Although the scene shown here is the Sermon on the Mount, I think it could have been named for a parable such as that of the mustard seed in today’s gospel reading, where great things come from tiny beginnings. The painting itself is very small. It is only 26.7cm X 36.8cm. It is full of even smaller detail, which is why it is well worth looking at online. A large crowd have gathered in a clearing at the edge of some woodland. Despite the small size of the painting, you can read the expression on each face. Tall trees tower above the crowd and take up much of the surface of the painting. Again the detail is amazing. You can almost pick out individual leaves. As in today’s parable of the mustard seed, the birds of the air can be seen in the branches. Jesus is just a tiny figure in the crowd. You can see him preaching at the centre of a pool of light that falls between the trees. He is distinguished by a halo and a pale yellow tunic and he stands on a platform made from branches. Many people are listening intently, but some are not. As your eye moves away from him, you will notice that several figures are distracted by other concerns. One example is the woman in the bright yellow dress who is seated right in the centre on the edge of the crowd. I think that we are meant to notice her. She is petting a dog but looks rather pampered herself. One hand is on her stomach as she surveys the snacks being offered by a man on her left. Perhaps Jesus has just said that we shouldn’t worry about what we are to eat! To her right a circle has formed around another woman who must be worrying about the future as she having her palm read. Directly above her, and just within the shade of the tree, two friar-like figures are looking at her, and seem to be ignoring Jesus. Clearly there are references here to the Sermon on the Mount in these details, but the over all image reminds me of the parable of the mustard seed. Although this setting is more like a northern forest that a hillside in Galilee, these large trees did once spring from small seeds and there is ample room in the branches for the birds of the air to nest. But it is the contrast between the expansive and leafy haunt of the birds and tiny figure of Christ below which suggests today’s parable to me and indeed, the portrayal of Jesus in Mark’s Gospel. The kingdom begins with Jesus. But in the minds of the people gathered this is a travelling preacher of little status. Yet his parable assures us that his kingdom will grow and endure. In this contrast between the tiny figure almost hidden in a large crowd and the great unmissable trees with birds among their branches, perhaps the artist intended to give the parable spoken by Jesus visual expression.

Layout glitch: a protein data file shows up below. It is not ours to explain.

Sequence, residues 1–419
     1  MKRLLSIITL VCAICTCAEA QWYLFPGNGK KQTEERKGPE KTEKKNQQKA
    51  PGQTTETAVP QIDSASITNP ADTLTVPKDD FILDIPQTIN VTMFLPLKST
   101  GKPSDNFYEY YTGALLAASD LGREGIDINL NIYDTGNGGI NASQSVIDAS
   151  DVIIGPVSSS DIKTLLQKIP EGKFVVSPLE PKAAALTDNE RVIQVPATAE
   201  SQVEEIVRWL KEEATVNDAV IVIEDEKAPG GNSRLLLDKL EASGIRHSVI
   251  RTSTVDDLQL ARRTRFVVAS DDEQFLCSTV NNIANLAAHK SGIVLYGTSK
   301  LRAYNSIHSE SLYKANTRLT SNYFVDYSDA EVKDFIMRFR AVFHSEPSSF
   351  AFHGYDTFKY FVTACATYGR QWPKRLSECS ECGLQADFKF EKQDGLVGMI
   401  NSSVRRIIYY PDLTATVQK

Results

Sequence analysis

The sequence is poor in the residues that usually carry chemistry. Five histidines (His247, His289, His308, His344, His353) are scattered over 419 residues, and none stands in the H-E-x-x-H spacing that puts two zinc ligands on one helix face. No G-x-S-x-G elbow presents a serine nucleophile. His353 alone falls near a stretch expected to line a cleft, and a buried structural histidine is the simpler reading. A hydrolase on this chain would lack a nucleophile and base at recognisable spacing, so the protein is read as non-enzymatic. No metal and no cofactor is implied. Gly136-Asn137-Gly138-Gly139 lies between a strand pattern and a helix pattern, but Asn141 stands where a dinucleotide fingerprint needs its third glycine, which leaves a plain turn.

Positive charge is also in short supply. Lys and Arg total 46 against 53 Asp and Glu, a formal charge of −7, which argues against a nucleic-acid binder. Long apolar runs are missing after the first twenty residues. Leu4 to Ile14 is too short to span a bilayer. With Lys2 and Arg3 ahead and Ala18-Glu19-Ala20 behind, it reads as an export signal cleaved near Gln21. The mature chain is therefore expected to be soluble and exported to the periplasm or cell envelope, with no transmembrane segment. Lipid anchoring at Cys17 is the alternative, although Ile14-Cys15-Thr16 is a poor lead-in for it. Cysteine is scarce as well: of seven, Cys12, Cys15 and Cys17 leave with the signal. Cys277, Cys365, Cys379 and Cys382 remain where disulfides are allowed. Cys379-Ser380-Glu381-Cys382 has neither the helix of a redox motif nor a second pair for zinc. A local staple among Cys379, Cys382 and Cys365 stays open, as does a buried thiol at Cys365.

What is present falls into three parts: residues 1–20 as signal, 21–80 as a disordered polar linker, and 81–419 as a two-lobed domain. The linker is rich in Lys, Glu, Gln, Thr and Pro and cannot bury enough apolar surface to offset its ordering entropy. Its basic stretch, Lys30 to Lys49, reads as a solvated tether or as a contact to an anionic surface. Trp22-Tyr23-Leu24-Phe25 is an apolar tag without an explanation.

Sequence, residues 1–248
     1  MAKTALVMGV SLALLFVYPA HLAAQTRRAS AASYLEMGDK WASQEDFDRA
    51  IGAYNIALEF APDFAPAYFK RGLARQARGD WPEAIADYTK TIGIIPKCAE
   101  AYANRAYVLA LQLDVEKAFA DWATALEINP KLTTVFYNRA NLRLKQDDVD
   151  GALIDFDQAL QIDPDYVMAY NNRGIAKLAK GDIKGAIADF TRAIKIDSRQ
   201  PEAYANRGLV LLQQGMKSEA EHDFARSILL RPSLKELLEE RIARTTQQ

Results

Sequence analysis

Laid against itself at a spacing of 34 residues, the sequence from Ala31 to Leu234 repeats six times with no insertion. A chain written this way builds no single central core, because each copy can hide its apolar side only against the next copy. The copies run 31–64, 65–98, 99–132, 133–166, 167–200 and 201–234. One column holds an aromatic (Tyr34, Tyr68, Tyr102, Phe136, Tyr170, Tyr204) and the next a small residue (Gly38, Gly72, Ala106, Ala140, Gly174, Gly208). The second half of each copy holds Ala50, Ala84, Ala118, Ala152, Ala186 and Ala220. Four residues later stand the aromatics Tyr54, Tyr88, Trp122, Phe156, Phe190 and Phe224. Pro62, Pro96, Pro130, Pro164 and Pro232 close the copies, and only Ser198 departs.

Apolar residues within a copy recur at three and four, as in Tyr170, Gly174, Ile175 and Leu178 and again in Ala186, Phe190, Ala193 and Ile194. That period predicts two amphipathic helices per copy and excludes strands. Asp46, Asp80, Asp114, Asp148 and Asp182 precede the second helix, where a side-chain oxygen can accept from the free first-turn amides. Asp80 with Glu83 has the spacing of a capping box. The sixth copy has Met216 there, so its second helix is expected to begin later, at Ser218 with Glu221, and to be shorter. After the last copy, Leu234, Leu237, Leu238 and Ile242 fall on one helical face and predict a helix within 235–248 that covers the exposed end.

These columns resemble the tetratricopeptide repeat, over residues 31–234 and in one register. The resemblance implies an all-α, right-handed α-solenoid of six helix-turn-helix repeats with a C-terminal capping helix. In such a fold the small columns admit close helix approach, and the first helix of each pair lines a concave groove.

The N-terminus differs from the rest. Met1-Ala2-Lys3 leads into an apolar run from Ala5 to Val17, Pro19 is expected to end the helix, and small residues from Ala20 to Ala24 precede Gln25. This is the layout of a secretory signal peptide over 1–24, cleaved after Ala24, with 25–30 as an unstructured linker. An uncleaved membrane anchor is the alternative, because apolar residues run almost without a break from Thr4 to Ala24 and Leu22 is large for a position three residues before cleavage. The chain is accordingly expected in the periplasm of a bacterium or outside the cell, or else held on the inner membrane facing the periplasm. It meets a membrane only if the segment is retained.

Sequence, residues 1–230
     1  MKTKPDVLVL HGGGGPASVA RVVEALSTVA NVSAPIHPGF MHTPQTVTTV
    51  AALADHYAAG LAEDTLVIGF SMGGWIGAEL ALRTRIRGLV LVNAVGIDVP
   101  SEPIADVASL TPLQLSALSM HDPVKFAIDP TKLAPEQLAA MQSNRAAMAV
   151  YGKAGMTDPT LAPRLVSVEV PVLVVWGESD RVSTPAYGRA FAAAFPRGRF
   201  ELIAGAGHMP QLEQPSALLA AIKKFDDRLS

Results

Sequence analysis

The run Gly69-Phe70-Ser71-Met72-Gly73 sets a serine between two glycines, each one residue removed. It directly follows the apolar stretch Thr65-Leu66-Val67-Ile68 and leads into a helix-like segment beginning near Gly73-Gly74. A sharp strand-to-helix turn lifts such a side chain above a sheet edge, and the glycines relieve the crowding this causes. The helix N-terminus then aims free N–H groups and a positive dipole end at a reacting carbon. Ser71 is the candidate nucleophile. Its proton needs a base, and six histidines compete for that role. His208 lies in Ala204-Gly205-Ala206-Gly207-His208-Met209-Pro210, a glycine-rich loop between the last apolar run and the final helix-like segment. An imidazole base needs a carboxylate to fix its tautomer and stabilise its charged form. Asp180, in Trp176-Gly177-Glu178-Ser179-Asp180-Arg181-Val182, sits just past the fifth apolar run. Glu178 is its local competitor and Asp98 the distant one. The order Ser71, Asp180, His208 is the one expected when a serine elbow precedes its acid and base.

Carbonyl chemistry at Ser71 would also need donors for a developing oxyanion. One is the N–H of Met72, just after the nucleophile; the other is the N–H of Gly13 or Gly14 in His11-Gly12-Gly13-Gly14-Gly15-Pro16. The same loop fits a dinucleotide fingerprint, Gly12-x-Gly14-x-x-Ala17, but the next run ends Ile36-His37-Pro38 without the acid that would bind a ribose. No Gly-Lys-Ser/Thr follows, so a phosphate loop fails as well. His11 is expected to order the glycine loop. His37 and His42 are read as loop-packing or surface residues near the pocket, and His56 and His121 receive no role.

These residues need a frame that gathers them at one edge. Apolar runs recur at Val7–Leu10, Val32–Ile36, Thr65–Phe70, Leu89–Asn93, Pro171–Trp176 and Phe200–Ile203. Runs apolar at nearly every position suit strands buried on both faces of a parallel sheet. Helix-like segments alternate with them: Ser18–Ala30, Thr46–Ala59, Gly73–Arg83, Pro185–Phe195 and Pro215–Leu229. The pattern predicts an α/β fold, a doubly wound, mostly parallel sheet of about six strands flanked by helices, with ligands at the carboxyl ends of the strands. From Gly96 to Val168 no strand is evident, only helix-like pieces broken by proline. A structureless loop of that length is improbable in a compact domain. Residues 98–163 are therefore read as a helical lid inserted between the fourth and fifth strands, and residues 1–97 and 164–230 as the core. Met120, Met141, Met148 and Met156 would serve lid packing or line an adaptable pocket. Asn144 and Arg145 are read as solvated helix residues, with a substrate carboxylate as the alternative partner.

The Catholic Chaplaincy serves the students and staff of the University of Edinburgh, Edinburgh Napier University and Queen Margaret University.
The Catholic Chaplaincy is also a parish of the Archdiocese of St Andrews and Edinburgh (the Parish of St Albert the Great) and all Catholic students and staff are automatically members of this parish.